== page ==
The 'Drama Queen' drives me crazy!

What is it about certain personalities that we either love or just can't stand? Dealing with the personality traits of the people we work with can be a challenge. No one is perfect, and we all have traits that may grate on others' nerves. Many of us will agree that dealing with the personalities we don't like can be an emotionally draining part of our day. It's hard enough to stay on time with the busy schedule and give patients the quality care they deserve, but then throwing in the office drama queen can put us over the edge. Why do we let those people get to us? How can we rationally deal with someone that can be so irrational? It's a skill that can be learned, but it takes some effort and a lot of patience.

BY Jannette Whisenhunt, RDH, BS, MEd, PhD,

What is it about certain personalities that we either love or just can't stand? Dealing with the personality traits of the people we work with can be a challenge. No one is perfect, and we all have traits that may grate on others' nerves. Many of us will agree that dealing with the personalities we don't like can be an emotionally draining part of our day. It's hard enough to stay on time with the busy schedule and give patients the quality care they deserve, but then throwing in the office drama queen can put us over the edge. Why do we let those people get to us? How can we rationally deal with someone that can be so irrational? It's a skill that can be learned, but it takes some effort and a lot of patience.

Many of us have taken a personality test, and there are several different kinds of tests. These can be very enlightening, and many of them explain people's qualities in an amazing way. I believe these profiles can be used to help you learn about yourself, and also how to get along with and understand others better. I give my students a personality profile every year, and we discuss the results during a luncheon in the fall. I use this for them to learn about one another and to work on team building.

--------------------------------------------------

Other articles by Whisenhunt

--------------------------------------------------

I respect every professional in the dental field, and I believe it's very important for hygienists to learn how to deal with all types of people and personalities. When we took psychology and sociology in the dental hygiene curriculum, it seemed like those classes didn't belong. But when we got out and started working, we realized that understanding people skills does have a place in any work situation or career field. In my column this month, as well as the next two columns, I want to remind you of a few qualities that show up in other people's personalities that may call for some extra understanding.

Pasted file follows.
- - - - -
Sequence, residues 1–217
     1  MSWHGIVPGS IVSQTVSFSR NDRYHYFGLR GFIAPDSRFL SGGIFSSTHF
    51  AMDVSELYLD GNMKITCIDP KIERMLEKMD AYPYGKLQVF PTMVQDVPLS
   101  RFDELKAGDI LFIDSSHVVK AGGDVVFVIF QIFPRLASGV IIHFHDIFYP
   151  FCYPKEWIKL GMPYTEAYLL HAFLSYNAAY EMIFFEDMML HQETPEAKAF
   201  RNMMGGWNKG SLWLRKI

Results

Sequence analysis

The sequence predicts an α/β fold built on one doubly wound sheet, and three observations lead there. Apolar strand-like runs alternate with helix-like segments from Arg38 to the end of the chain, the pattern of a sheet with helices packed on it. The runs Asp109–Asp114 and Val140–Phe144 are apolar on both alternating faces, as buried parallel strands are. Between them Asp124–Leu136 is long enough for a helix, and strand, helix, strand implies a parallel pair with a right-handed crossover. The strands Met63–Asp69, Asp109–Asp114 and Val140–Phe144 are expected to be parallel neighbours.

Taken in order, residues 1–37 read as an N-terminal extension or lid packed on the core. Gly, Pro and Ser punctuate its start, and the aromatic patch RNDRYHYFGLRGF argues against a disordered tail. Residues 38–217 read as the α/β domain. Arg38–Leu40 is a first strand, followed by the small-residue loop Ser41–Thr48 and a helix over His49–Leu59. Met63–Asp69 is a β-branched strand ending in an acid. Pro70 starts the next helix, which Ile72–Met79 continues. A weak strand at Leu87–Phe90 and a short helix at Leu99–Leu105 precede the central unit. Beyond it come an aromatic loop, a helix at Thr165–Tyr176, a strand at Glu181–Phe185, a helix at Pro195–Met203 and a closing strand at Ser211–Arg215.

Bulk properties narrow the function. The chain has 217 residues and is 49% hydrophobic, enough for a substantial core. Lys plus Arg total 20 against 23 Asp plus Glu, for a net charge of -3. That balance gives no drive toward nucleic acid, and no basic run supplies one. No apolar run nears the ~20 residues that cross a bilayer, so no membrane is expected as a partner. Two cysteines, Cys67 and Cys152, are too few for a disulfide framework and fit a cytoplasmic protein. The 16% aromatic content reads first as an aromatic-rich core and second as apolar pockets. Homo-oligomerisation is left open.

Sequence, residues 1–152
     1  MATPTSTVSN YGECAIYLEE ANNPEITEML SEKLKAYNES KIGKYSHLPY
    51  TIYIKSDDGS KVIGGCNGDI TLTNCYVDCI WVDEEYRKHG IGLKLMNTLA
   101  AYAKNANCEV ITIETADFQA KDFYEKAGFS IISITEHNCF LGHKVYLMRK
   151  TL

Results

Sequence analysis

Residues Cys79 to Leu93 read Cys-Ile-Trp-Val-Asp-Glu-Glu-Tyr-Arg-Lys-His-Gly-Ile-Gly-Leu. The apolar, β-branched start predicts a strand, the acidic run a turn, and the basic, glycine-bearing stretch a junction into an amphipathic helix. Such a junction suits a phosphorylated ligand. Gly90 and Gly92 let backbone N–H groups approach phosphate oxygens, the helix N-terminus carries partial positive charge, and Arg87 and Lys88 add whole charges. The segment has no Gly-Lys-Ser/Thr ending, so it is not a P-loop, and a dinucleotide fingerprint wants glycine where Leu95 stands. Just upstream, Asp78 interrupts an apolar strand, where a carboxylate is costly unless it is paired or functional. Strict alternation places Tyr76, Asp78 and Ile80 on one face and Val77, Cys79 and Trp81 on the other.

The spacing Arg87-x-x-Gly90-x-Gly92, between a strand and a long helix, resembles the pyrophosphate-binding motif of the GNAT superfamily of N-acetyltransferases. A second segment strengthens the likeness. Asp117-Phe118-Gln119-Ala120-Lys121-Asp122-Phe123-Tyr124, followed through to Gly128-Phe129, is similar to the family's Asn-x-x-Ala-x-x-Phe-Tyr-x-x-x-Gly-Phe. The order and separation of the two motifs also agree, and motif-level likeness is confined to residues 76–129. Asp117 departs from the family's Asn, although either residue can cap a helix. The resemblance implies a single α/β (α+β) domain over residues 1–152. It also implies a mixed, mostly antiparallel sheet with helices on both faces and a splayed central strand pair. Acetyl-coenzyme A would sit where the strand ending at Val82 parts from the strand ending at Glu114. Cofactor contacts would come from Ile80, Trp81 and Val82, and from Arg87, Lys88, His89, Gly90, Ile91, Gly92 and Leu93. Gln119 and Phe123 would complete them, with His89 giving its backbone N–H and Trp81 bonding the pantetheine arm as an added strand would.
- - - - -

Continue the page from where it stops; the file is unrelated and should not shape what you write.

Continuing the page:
There are many different personality profiles, and some offices have their applicants take one to see how a person may fit with the personalities already in the office. I've heard some offices use them to complement their team, and to learn what personality types may be difficult for that office to deal with. You may be asked to complete one in a job interview. I will review a few of the common personality profiles that are being used as a team-building tool. They are all very involved and could have a whole course built around them. Here are some brief explanations with some comments that may help you understand those annoying character traits a little better and perhaps give you some ways of coping with the occasional work drama episodes.

One of the most common personality profiles that has been out there a long time is the Myers-Briggs Type Indicator (MBTI). This is used in many work fields and is very useful in all work situations. The four main categories are Extraversion, Introversion, Sensing, and Intuitive. Under each of the main characteristics are four more character traits, which are Thinking, Feeling, Judging, and Perceiving.

"Each type or combination of preferences is characterized by its own interests, values, and unique gifts," according to Myers-Briggs. "It is a self-report questionnaire designed to make Jung's theory of psychological types understandable and useful in everyday life. MBTI results identify valuable differences between normal, healthy people, differences that can be the source of much misunderstanding and miscommunication." (Myers)

The introverts are described as people who tend to focus on their inner world or ideas; whereas the extrovert prefers to focus on the outer world of people and things. We tend to think of these two types as those who are quiet and to themselves, and those who like being around other people. I think everyone can have a little bit of both of these types. I am in general an extrovert and love being around people, but in some situations I am comfortable being alone. I think it often depends on the situation and comfort level of a person. If you are an introvert, it may bother you to be around an extrovert because the person talks so much or doesn't leave you alone. If this situations bugs you, then telling the person you're busy and need to get your work done may help you to keep your cool. (Myers)